April 7, 2020

Kali Linux :: Email Harvesting

(Last Updated On: 31st January 2017)

In this post, I will show you a tool in Kali Linux that’s able to harvest email addresses that are publicly available on the internet.

Why do I want to harvest emails?

When working with a company to run a phishing campaign against you (for testing purposes), or indeed a hacker running a malicious phishing campaign, they will want to discover what genuine email addresses are publicly available on the internet. This is so they can compile a list of emails they will run their campaign against – and in some circumstances, they may use this information for more targeted campaigns; known as spear-phishing.

Running this for yourself will allow you to see what is out there, and the tool I will use in this example will check against search engines and potentially social networks to get these results.


The tool I will be using is called “theHarvester” and comes pre-installed on KaliLinux. It can harvest more than just emails, and can be used to collect sub-domains, employee names, open ports and banners.

Using theHarvester

To get started, we will open up a terminal windows and type in “theharvester” – this will open up the application and show us what options we have.

[email protected]:~# theharvester
 * *
 * | |_| |__ ___ /\ /\__ _ _ ____ _____ ___| |_ ___ _ __ *
 * | __| '_ \ / _ \ / /_/ / _` | '__\ \ / / _ \/ __| __/ _ \ '__| *
 * | |_| | | | __/ / __ / (_| | | \ V / __/\__ \ || __/ | *
 * \__|_| |_|\___| \/ /_/ \__,_|_| \_/ \___||___/\__\___|_| *
 * *
 * TheHarvester Ver. 2.7 *
 * Coded by Christian Martorella *
 * Edge-Security Research *
 * [email protected] *
 Usage: theharvester options

-d: Domain to search or company name
 -b: data source: google, googleCSE, bing, bingapi, pgp, linkedin,
 google-profiles, jigsaw, twitter, googleplus, all

-s: Start in result number X (default: 0)
 -v: Verify host name via dns resolution and search for virtual hosts
 -f: Save the results into an HTML and XML file (both)
 -n: Perform a DNS reverse query on all ranges discovered
 -c: Perform a DNS brute force for the domain name
 -t: Perform a DNS TLD expansion discovery
 -e: Use this DNS server
 -l: Limit the number of results to work with(bing goes from 50 to 50 resu lts,
 google 100 to 100, and pgp doesn't use this option)
 -h: use SHODAN database to query discovered hosts

 theharvester -d microsoft.com -l 500 -b google -h myresults.html
 theharvester -d microsoft.com -b pgp
 theharvester -d microsoft -l 200 -b linkedin
 theharvester -d apple.com -b googleCSE -l 500 -s 300

Now all we need to do is construct our command – we start with “theharvester” so Kali knows what application we’re calling, and then we use the switches as listed above. When running the search against synack.co.uk, because we’re soo poorly indexed by Google, we have no results for our email, so I will use bbc.co.uk as an example and see what we get.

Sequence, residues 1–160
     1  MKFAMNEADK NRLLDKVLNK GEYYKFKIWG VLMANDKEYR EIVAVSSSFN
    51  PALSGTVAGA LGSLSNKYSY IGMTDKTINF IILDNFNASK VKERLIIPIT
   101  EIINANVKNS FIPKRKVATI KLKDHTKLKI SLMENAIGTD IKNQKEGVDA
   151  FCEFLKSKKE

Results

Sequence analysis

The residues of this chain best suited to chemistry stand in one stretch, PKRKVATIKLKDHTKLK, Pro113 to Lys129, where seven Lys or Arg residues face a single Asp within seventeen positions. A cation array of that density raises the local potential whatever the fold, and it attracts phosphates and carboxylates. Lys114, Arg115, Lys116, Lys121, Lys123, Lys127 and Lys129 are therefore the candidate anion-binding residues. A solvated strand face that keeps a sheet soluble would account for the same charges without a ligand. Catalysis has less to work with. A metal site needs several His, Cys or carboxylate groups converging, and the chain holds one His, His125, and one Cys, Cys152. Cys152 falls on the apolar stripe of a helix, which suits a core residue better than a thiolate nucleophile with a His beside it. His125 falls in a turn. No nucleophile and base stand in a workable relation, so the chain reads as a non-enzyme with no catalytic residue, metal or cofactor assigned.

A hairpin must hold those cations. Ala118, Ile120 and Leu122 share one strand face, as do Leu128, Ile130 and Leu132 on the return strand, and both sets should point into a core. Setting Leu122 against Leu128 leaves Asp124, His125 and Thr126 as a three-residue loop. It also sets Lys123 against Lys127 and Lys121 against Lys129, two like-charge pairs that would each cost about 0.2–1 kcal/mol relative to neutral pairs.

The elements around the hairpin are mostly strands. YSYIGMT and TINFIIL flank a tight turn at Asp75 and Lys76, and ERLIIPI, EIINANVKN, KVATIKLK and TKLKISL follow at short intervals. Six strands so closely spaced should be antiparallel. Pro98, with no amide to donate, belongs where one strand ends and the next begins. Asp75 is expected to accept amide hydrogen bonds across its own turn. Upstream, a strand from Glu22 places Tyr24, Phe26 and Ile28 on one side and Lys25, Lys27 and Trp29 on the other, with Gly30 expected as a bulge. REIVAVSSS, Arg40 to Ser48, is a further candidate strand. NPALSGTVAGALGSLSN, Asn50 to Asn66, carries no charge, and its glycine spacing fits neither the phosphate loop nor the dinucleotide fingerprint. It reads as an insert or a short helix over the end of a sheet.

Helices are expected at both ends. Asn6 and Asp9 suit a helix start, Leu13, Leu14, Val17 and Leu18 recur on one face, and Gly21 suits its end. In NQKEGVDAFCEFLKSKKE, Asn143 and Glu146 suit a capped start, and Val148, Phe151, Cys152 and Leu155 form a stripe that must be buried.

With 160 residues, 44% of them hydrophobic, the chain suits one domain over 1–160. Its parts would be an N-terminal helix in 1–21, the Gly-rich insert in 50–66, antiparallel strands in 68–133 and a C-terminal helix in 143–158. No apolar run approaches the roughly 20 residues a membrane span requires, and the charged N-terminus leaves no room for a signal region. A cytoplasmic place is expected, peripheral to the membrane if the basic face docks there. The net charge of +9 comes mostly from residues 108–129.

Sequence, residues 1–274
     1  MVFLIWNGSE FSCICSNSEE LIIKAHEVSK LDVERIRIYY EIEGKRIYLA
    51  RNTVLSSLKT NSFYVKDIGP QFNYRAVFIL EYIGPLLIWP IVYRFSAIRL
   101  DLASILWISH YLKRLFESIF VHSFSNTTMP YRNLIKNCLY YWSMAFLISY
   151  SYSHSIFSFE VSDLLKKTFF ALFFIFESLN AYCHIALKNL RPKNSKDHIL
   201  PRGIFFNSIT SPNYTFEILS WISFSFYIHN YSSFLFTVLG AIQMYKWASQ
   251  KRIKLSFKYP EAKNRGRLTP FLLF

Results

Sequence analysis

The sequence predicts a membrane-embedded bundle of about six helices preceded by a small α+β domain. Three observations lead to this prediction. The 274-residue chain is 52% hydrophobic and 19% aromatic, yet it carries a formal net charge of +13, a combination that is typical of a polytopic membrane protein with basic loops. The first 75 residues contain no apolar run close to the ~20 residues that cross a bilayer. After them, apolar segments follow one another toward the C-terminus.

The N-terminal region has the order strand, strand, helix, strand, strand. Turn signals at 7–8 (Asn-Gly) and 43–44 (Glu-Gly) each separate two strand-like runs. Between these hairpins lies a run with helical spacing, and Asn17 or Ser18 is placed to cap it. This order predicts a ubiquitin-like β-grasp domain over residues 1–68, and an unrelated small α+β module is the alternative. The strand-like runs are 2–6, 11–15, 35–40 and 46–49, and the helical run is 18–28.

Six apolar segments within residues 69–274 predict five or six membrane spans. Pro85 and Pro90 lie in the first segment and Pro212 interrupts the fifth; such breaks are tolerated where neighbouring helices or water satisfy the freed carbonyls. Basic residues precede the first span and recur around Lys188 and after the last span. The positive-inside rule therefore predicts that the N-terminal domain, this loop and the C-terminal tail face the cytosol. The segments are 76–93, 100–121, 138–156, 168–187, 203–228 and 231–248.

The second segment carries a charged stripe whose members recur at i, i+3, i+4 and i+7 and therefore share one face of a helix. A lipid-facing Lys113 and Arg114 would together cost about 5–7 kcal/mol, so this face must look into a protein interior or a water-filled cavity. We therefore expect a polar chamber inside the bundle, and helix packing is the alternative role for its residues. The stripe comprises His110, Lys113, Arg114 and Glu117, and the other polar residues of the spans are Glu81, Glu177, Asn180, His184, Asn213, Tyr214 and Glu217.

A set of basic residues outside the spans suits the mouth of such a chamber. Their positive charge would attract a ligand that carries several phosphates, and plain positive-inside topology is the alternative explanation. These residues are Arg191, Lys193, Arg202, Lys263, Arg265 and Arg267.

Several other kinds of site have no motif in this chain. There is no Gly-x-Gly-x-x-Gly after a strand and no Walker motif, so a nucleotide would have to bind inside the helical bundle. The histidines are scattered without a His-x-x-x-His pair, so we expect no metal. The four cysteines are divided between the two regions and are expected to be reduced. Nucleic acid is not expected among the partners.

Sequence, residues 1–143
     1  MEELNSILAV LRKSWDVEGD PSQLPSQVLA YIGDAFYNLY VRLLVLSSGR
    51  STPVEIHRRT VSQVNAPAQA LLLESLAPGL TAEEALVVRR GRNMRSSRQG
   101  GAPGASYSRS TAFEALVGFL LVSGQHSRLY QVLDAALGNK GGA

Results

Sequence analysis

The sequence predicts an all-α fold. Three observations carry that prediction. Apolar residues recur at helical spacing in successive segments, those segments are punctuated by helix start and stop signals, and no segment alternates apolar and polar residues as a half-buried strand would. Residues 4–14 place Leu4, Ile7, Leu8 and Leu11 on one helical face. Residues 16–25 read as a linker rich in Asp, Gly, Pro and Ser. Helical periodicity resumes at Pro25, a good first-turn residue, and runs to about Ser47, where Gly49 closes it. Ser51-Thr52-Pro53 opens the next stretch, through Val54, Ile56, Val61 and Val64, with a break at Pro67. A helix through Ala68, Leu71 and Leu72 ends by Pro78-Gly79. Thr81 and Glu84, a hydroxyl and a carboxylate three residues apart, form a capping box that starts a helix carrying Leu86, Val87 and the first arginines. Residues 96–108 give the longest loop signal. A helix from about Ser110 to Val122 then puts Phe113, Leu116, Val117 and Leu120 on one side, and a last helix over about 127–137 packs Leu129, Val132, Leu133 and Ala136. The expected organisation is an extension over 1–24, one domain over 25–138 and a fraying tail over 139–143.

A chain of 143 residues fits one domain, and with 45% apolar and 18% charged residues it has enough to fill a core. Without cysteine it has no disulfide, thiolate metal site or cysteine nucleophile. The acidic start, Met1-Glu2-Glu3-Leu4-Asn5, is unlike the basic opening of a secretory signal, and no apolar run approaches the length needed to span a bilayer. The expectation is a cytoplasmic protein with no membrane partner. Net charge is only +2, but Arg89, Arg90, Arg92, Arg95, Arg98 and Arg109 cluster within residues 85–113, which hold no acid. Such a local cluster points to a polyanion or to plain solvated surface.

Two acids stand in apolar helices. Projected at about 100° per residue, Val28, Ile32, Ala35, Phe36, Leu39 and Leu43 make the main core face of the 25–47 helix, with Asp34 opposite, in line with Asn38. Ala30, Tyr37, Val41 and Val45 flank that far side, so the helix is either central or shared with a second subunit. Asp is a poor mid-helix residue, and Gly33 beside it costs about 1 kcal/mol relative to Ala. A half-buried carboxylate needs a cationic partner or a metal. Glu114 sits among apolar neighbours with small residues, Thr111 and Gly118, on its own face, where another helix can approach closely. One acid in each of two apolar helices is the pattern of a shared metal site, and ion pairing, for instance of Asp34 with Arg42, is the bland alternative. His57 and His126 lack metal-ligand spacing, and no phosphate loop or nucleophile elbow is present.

I’m using the following command:

[email protected]:~#¬†theharvester -d bbc.co.uk -l 500 -b google

To break this down a little:

  1. This is the domain we want to return the results for
  2. This is the number of search results we will limit ourselves to – the results being returned by the selected search engine. If you don’t set this, the default is 100.
  3. This is the search engine of choice, in this case – Google; we do however have the option to use a many number of services (as seen in “theharvester’s” first output)

And here are our results!

[-] Searching in Google:
 Searching 0 results...
 Searching 100 results...
 Searching 200 results...
 Searching 300 results...
 Searching 400 results...
 Searching 500 results...
 [+] Emails found:
 [email protected]
 [email protected]

[+] Hosts found in search engines:
 [-] Resolving hostnames IPs...

Oh…. not as many results as we were hoping for… Well, when I ran this same command, but replacing “-b google” with “-b all” – I found that a lot more results were returned, I’m just not so sure the BBC would appreciate me posting a large number of their emails to this site; even if they are publicly available. The preferred outcome for you would be to find as fewer emails as possible – and this output merely serves as an example of what to expect from this application.

I hope you have found this post useful, and as ever – please take a look at our other posts.




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Jake is a security engineer working in West Yorkshire. He has experience with various firewall vendors including FortiGate, Check Point, Cisco and Palo Alto.

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